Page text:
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    ABSTRACT: A new HIV diagnostic algorithm has been proposed which replaces the use of the HIV-1 Western blot and HIV-1 immunofluorescence assays (IFA) as the supplemental test with an HIV-1/HIV-2 antibody differentiation assay. To compare an FDA-approved HIV-1/HIV-2 antibody differentiation test (Multispot) as a confirmatory test with the HIV-1 Western blot and IFA. Participants were screened with an HIV-1/HIV-2 combination Antigen/Antibody (Ag/Ab) screening assay. Specimens with repeatedly reactive results were tested with Multispot and either Western blot or IFA. Specimens with discordant screening and confirmatory results were resolved with HIV-1 RNA testing. Individuals (37,876) were screened for HIV infection and 654 (1.7%) had a repeatedly reactive Ag/Ab assay result. On Multispot, 554 (84.7%) were HIV-1 reactive, 0 (0%) were HIV-2 reactive, 1 (0.2%) was reactive for both HIV-1 and HIV-2 (undifferentiated), 9 (1.4%) were HIV-1 indeterminate, and 90 (13.8%) were non-reactive. HIV-1 RNA was detected in 47/90 Multispot non-reactive (52.2%) specimens. Among specimens confirmed to have HIV infection (true positives), Multispot and Western blot detected HIV-1 antibody in a similar proportion of cases (93.7% vs. 94.4% respectively) while Multispot and IFA also detected HIV-1 antibody in a similar proportion of cases (84.5% vs. 83.4% respectively). In this study, Multispot confirmed HIV infections at a similar proportion to Western blot and IFA. Multispot, Western blot, and IFA, however, did not confirm all of the reactive Ag/Ab assay results and underscores the importance of HIV NAT testing to resolve discordant screening and confirmatory results.
    Full-text · Article · Dec 2013 · Journal of clinical virology: the official publication of the Pan American Society for Clinical Virology
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    ABSTRACT: Background: FDA-approved 4th-generation HIV antigen/antibody immunoassays can detect HIV infection earlier than traditional confirmatory tests (i.e., Western blot). Screening and confirmatory test results (4th-generation reactive / Western blot negative) that are discordant may be misclassified as HIV-negative by clinicians. Use of an algorithm with HIV-1 Nucleic Acid Amplification Testing (NAAT) for confirmation enables proper classification of reactive 4th-generation test results. We report a prospective evaluation of a testing algorithm using HIV-1 NAAT to confirm reactive 4th-generation results. Methods: The STOP study is an ongoing, multi-site study comparing methods to detect acute HIV infection. In New York City, participants at three STD clinics and two community-based testing programs were screened for HIV with a 4th-generation antigen/antibody immunoassay (Architect, Abbott). Specimens with a reactive 4th-generation result were tested with a qualitative HIV-1 NAAT (APTIMA, Gen-Probe), Western blot (WB, Bio-Rad), and a HIV-1/HIV-2 antibody differentiation assay (Multispot, Bio-Rad). Results: From October 3, 2011 to March 11, 2013, we tested 13,931 specimens with the 4th-generation assay, of which 501 (3.6%) were reactive. HIV-1 RNA was detected in 459 (92%) of these specimens by HIV-1 NAAT (Figure 1). Among the 42 specimens with HIV-1 RNA not detected by NAAT, 7 (1.4%) were reactive by both WB and Multispot, consistent with HIV-1 infection. Three of these 7 individuals were determined to have newly diagnosed HIV infection and denied any HIV antiretroviral use, 4 were already aware of their HIV status. Overall, among 466 HIV infections that were diagnosed in this study, HIV-1 infection was confirmed by NAAT in 98.5% of cases (n=459) compared with 93.6% confirmed by Multispot (n=437; p<0.0001) and 95.1% by WB (n=443; p<0.0001), respectively. Conclusion: In an HIV testing algorithm that uses a 4th-generation assay as the screening test, NAAT confirmed a higher proportion of HIV infections than Multispot or WB. Discordant 4th-generation/NAAT results (4th-generation reactive/NAAT not detected), however, must be resolved by Multispot or WB to properly diagnose infections in persons with undetectable levels of HIV RNA.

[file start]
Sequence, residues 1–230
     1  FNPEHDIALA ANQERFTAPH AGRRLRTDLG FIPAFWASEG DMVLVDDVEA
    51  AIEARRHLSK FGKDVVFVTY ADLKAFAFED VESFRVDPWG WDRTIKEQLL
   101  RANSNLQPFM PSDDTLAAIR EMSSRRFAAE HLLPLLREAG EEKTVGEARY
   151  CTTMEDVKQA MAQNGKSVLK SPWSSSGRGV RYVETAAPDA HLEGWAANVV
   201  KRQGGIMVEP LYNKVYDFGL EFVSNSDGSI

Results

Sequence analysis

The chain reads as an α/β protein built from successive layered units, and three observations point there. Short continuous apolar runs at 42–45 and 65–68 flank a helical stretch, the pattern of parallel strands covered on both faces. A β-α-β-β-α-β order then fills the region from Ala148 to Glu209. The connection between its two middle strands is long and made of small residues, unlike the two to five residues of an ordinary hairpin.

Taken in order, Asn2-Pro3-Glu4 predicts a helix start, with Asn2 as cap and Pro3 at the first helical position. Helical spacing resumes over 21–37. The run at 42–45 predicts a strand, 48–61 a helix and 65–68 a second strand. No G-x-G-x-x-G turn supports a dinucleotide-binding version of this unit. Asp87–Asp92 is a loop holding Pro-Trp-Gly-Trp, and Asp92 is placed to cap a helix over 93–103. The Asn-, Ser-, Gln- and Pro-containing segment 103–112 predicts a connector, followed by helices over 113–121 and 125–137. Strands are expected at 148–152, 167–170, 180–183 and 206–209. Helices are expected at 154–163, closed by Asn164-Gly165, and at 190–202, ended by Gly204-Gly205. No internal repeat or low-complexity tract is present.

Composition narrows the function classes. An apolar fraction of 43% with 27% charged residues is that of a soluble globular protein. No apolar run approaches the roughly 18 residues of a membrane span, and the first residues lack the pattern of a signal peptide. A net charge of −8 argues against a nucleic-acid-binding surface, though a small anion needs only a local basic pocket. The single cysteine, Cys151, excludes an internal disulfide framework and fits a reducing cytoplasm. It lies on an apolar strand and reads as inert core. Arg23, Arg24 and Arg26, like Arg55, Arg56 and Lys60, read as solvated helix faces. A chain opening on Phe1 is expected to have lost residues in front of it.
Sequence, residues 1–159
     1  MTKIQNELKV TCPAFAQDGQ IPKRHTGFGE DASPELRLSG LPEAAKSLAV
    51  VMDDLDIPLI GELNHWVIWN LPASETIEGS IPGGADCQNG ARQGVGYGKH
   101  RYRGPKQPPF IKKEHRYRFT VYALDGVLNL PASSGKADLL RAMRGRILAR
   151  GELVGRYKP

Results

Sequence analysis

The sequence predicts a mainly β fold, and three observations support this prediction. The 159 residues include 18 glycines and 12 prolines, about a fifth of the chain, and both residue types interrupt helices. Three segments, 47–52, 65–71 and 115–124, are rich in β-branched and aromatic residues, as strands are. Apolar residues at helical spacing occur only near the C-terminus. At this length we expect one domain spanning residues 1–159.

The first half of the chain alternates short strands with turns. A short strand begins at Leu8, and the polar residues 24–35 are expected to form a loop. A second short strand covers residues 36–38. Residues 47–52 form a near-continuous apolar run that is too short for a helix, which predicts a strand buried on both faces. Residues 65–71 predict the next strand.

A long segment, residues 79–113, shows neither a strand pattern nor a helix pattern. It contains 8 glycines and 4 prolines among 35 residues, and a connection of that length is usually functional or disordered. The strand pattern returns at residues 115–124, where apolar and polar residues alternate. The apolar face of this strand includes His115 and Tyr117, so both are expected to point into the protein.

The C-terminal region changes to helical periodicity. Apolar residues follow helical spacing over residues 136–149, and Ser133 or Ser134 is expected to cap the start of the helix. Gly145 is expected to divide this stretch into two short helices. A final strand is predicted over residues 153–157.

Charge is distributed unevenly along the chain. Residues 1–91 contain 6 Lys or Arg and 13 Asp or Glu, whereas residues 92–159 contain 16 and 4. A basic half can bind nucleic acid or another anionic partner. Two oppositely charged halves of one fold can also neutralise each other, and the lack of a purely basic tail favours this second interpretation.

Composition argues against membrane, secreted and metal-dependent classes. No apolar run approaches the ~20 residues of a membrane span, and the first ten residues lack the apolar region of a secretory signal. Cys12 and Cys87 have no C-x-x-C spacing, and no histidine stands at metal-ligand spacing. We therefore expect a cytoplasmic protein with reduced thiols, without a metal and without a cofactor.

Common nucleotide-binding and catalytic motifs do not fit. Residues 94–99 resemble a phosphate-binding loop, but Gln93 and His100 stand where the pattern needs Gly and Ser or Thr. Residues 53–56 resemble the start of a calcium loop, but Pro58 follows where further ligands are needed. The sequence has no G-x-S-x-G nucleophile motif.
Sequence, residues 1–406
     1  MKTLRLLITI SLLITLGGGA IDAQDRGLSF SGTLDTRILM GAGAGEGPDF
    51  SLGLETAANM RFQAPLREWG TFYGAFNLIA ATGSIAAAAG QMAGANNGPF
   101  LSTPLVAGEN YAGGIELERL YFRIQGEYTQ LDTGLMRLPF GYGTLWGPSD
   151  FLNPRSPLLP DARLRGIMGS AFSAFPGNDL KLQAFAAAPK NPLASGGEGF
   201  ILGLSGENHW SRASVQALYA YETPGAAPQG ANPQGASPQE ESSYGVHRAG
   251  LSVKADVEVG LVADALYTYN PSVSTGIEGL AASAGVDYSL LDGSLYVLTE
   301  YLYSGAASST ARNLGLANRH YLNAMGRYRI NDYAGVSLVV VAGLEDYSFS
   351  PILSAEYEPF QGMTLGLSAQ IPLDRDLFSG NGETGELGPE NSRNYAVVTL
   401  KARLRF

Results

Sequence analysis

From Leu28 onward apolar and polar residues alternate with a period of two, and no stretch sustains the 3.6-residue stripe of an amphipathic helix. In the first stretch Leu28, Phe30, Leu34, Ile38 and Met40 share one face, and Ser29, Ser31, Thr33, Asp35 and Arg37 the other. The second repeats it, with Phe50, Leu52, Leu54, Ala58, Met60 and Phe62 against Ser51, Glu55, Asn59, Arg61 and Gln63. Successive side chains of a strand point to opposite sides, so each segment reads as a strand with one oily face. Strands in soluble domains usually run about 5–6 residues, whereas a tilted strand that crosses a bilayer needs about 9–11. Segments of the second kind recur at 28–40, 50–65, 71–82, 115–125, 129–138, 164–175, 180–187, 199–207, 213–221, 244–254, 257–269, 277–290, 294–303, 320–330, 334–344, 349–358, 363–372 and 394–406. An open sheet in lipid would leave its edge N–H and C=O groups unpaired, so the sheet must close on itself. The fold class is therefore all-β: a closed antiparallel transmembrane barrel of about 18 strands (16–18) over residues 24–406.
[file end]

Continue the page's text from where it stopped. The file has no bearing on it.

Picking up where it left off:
No preview · Conference Paper · Oct 2013